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Grades of brain and spinal cord cancer
Grading is a way of classifying brain and spinal cord cancer cells based on their appearance and behaviour when viewed under a microscope. To find out the grade of a tumour, the biopsy sample is examined under a microscope. A grade is given based on how the cancer cells look and behave compared with normal cells (differentiation). This can give the healthcare team an idea of how quickly the cancer may be growing and how likely it is to spread.
The World Health Organization (WHO) grading system is used for classifying brain and spinal cord cancer.
- Tumours may contain several grades of cells. The highest, or most malignant grade, determines the grade of the tumour, even if most of the tumour is a lower grade.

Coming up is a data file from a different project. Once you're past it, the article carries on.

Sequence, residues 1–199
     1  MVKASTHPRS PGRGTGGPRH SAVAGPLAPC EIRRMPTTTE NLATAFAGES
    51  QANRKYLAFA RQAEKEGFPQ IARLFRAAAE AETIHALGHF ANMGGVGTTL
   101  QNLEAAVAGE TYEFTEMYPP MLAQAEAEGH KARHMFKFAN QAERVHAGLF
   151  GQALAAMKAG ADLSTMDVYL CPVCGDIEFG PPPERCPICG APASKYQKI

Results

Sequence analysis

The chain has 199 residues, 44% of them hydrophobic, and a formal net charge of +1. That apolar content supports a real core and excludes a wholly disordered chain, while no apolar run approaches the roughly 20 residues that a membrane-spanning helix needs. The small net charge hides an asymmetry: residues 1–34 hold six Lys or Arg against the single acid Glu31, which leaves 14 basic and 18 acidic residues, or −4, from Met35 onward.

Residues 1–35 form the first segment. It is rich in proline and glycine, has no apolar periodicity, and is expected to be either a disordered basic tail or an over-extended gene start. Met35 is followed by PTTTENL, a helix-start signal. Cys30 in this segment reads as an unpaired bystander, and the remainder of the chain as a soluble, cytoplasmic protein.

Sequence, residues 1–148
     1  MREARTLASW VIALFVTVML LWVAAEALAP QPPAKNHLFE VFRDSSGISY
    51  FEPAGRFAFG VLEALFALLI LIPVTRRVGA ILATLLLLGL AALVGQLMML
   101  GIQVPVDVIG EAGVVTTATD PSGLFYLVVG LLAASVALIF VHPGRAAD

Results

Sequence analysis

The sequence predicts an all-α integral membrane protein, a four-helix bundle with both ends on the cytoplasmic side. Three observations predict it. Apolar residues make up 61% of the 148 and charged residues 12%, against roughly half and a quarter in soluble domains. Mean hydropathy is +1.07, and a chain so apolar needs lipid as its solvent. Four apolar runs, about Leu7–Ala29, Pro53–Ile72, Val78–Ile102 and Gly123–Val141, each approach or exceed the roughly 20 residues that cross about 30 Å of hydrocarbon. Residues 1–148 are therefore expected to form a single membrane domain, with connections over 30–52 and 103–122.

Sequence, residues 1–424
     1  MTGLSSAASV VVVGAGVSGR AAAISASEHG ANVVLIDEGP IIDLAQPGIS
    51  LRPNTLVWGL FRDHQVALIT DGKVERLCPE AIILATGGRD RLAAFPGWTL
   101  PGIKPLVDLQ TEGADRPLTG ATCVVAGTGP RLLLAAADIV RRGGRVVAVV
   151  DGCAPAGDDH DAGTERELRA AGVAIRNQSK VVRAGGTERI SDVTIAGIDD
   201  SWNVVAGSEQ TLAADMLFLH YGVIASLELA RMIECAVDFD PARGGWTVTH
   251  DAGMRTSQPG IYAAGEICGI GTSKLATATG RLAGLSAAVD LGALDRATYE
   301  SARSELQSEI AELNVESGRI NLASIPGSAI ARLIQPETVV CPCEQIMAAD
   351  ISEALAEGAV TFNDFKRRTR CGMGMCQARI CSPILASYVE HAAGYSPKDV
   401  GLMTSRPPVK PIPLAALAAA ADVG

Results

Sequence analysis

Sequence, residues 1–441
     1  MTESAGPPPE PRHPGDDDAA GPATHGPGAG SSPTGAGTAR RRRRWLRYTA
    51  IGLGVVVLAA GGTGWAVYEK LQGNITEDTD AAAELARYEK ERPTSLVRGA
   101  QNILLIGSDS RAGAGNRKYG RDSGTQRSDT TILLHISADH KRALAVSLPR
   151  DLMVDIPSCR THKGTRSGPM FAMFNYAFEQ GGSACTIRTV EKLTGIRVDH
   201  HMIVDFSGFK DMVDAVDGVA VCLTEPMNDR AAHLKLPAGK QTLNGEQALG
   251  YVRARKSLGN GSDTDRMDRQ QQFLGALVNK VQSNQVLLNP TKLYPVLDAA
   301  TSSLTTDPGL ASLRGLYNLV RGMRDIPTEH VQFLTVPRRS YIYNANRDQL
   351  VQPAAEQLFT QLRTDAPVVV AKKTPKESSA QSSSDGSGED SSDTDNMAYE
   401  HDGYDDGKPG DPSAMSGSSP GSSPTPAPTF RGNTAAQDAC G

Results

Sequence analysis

- Tumours do not always stay the same. If a tumour undergoes a transformation, the name and grade of the tumour might change.
- A low-grade (benign) tumour might become high-grade (malignant).
- A low-grade tumour might come back (recur) as a high-grade tumour.
cells grow very slowly
cells look almost normal under a microscope
rarely recurs if completely removed
rarely spreads to nearby tissue
least malignant type of brain or spinal cord tumour
cells are relatively slow growing
cells look slightly abnormal under a microscope
tumour can grow into surrounding tissues
tumour may recur after being removed
can recur as a higher-grade tumour
cells grow at a faster rate
cells look abnormal under a microscope
tumour is growing into surrounding tissues
tumour tends to recur, often at a higher-grade
cells grow rapidly
cells look very abnormal under a microscope
tumour grows new blood vessels to maintain rapid growth
tumour grows deeply into the surrounding tissues
areas of dead cells may be present in the centre of the tumour
most aggressive and malignant type of brain or spinal tumour
Grading plays an important part in planning brain and spinal cord cancer treatment and can also be used to help estimate the prognosis (future outcome).
Advocating for cancer patients
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